Viewpoints | May 29,2021
Apr 25 , 2020
By Asseged G. Medhin ( Asseged G.Medhin, deputy CEO of Global Insurance Company. )
Predictably, COVID-19 has had a knock-on effect on service providers across the world. Those in the insurance industry have been no exception.
World-class insurers have been devising a strategy to protect their businesses. The most common form of disaster recovery programmes and risk road maps though have become meaningless in the eyes of customers. This is especially the case for many airlines that failed to refund beforehand and kept on flying due to conflicting advice given by governments as to whether people should travel or not.
The need for cover and the issue of practical pricing creates questions regarding insurers’ reputations. Policyholders believe and always maintain the principle of “utmost good faith” during acceptance of claims, while insurers occasionally refer to exclusions in their books, even for corporate clients. This practice is resulting in a lack of focus on the design of the product itself. When a pandemic such as COVID-19 occurs, policyholders are surprised to find that they are not covered by their insurance.
This situation arises largely due to customers not fully understanding insurance coverage, which is partly the fault of the insurers for using long and complicated terms and conditions. The way the international media sees it, insurers are unfairly treating their customers during this harsh time.
The long and short of it is that insurers of the 21st century work in a marketplace in which people buy whichever insurance policy is cheapest. Unsurprisingly, cheap policies rarely cover unexpected or unusual events - like global pandemics. It was a scenario that could have perhaps been salvaged had insurers designed tailor-made policies through intensive negotiation instead of blanket tariff and rating approaches.
During the pandemic there has been a great deal of confusion as insurers have tried to grapple with an increased volume of claims and customer queries, as well as a chorus of criticism from journalists and social media users. This is exacerbating the situation, resulting in long wait times for responses and even further customer dissatisfaction.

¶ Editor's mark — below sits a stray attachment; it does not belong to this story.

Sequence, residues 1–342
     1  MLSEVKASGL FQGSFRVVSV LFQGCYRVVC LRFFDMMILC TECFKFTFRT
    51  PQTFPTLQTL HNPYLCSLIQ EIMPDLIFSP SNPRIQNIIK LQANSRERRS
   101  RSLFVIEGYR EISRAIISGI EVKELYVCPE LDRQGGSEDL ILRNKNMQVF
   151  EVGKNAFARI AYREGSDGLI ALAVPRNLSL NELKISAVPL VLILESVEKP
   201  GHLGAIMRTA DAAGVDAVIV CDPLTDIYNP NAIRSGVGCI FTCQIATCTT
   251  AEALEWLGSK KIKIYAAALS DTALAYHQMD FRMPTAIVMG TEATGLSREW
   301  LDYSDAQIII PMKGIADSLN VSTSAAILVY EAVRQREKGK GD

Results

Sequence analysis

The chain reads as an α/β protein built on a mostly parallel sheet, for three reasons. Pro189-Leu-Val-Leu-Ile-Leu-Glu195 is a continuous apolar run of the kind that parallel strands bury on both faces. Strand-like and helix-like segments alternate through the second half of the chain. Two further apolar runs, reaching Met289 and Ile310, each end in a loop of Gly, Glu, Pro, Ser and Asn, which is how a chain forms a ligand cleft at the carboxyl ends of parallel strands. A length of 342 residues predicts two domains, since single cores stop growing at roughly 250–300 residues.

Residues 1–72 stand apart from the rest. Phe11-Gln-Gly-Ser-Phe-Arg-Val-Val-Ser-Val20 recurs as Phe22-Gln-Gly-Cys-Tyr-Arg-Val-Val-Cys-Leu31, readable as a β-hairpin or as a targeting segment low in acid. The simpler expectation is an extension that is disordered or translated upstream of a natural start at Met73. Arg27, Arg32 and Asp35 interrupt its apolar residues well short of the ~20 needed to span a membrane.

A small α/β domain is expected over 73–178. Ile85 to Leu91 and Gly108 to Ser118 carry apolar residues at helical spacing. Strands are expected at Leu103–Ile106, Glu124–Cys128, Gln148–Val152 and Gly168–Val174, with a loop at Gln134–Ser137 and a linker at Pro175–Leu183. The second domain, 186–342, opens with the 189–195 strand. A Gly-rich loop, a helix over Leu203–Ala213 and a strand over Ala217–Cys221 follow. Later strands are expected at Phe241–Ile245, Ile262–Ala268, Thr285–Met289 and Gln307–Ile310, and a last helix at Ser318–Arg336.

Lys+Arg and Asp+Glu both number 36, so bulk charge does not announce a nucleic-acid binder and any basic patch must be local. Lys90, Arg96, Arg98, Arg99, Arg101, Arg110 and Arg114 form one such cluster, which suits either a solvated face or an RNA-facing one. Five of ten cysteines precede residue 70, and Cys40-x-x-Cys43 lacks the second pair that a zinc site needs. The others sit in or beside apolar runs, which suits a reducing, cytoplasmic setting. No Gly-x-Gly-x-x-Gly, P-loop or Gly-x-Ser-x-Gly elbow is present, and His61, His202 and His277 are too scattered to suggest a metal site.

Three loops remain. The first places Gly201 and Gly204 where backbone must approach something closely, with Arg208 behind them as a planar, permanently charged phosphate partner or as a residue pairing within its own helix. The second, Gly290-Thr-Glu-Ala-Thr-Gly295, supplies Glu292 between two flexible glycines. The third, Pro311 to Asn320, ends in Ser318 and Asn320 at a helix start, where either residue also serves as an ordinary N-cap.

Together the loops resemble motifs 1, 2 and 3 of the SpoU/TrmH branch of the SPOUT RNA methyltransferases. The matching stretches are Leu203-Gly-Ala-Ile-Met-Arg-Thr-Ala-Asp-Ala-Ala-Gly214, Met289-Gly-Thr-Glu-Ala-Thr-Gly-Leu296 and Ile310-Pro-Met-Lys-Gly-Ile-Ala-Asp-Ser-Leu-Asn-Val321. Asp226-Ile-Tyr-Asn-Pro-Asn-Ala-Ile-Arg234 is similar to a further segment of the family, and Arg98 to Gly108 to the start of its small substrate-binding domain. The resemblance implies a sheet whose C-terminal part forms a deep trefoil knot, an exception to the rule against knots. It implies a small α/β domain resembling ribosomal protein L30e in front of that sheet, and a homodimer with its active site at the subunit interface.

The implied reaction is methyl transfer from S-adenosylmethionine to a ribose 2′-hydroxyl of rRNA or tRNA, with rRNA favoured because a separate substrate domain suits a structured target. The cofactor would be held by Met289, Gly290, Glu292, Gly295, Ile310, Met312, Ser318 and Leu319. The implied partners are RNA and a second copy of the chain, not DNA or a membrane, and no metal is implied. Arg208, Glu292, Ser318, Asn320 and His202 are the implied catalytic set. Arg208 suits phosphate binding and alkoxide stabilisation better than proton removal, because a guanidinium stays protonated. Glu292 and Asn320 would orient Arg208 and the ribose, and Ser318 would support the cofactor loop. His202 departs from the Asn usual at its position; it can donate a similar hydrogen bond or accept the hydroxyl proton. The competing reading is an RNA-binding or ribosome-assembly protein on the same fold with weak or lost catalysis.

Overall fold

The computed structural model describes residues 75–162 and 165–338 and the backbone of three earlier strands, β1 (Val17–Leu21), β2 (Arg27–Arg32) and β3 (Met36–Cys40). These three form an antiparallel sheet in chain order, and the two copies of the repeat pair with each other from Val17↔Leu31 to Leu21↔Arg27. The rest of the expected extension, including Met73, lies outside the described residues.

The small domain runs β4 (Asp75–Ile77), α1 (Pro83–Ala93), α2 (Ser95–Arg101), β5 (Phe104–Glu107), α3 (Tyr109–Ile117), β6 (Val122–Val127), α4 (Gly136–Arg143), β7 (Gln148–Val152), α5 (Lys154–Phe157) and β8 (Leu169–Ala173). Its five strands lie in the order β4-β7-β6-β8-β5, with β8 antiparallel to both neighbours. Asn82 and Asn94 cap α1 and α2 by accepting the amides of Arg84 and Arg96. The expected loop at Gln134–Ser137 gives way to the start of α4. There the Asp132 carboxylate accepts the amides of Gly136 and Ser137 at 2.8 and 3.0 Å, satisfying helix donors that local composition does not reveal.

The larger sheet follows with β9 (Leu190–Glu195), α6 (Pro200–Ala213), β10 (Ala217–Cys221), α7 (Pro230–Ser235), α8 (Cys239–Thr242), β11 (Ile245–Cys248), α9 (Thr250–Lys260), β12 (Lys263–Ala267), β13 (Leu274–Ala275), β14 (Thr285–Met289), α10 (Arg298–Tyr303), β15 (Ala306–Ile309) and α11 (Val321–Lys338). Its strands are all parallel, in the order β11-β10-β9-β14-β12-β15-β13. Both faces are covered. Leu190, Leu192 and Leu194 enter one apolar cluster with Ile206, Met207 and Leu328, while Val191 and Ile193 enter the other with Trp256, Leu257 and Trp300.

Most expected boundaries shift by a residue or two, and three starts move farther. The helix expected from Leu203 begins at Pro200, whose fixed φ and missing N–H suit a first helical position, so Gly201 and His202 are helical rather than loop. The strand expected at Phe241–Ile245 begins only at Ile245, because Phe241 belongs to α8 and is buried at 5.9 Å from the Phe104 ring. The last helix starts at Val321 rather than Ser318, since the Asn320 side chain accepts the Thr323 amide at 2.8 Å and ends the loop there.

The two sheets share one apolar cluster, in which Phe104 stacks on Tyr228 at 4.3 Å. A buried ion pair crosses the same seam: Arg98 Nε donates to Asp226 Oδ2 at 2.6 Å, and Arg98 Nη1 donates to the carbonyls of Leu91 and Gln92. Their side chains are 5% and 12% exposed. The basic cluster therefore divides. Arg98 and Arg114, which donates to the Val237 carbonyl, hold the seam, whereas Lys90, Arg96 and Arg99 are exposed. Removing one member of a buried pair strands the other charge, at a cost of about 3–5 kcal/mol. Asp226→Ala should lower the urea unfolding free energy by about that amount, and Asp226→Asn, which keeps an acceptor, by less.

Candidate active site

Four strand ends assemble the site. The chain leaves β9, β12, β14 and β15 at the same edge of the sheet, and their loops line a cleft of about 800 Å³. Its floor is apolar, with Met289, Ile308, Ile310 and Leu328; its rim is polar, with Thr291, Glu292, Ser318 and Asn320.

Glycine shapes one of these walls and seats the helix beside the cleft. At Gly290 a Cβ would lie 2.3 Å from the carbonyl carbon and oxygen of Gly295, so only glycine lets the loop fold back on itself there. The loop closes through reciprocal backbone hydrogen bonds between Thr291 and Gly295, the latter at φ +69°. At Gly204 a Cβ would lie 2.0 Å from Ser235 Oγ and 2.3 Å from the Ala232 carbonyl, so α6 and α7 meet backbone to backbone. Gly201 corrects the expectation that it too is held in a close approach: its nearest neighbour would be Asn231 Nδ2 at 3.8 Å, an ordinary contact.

Things will dramatically change globally following COVID-19 - there are enormous risks to the insurance businesses on a scale we have rarely seen before. Even world-class reinsurers, such as Munich Re, could fail as international trade, events, flights, games, entertainment industries, hotels and restaurants fail or cancel, and organisers and owners come asking for claims.
It is almost certain that we will see insurance businesses fail globally and quite possibly in significant numbers. The global pandemic may bring a more stringent approach, especially as policyholders come to expect more tailor-made policies due to how they treat risks such as pandemics. This will affect the industry all the way to the reinsurers.
Things are dramatically changing, and we should strive to introduce a pragmatic response to the emerging risk in the eyes of insurers. Let us think outside the box to develop a means to secure the financial burden of policyholders and insurers as well, and this will have to be led by the nation’s only re-insurer, Ethio-Re.
Currently, paying out on policies will be a huge hit to insurers and for reinsurers when the cost is added to their other exposure. That could put them in serious jeopardy. This impact may create de-marketing for both composite and general insurers and Ethio-Re.
The most worrying of these may be the volume of payouts on existing travel insurance policies being far beyond what was expected. As if this was not enough, the investments insurers rely on to give them funds to pay such claims are in free fall.
Additionally, giant global businesses are failing, with airlines looking to be the earliest casualties and hospitality chains likely to follow swiftly. Firms of this size are more likely to have comprehensive coverage. Having to pay out on any policies that include contagious disease will further add to the burden faced by the insurance industry. This will significantly affect reinsurers, most of which have connections to the Ethiopian insurance market.
Despite the risk, insurers and reinsurers seem to have taken little action in developing a global risk road map. This has been despite the increasing recurrence of natural disasters, including forest fires, floods and even locust invasions. The primary role of insurers, and mainly reinsurers, should be to develop a global risk road map, including mitigation factors and advising governments to design their disaster recovery programmes.
It is almost certain that, as we go forward, the insurance industry will suffer severely, the impact of which will be more exclusions at the expense of policyholders. This will create a catch-22 at a time when customers expect insurance packages at a reduced price, with wider coverage and lower deductibles.
We should reconsider our existing manner of doing business and craft comprehensive risk road map strategies that will mitigate pandemics such as COVID-19 and the increasing number of natural disasters.
PUBLISHED ON Apr 25,2020 [ VOL 21 , NO 1043]
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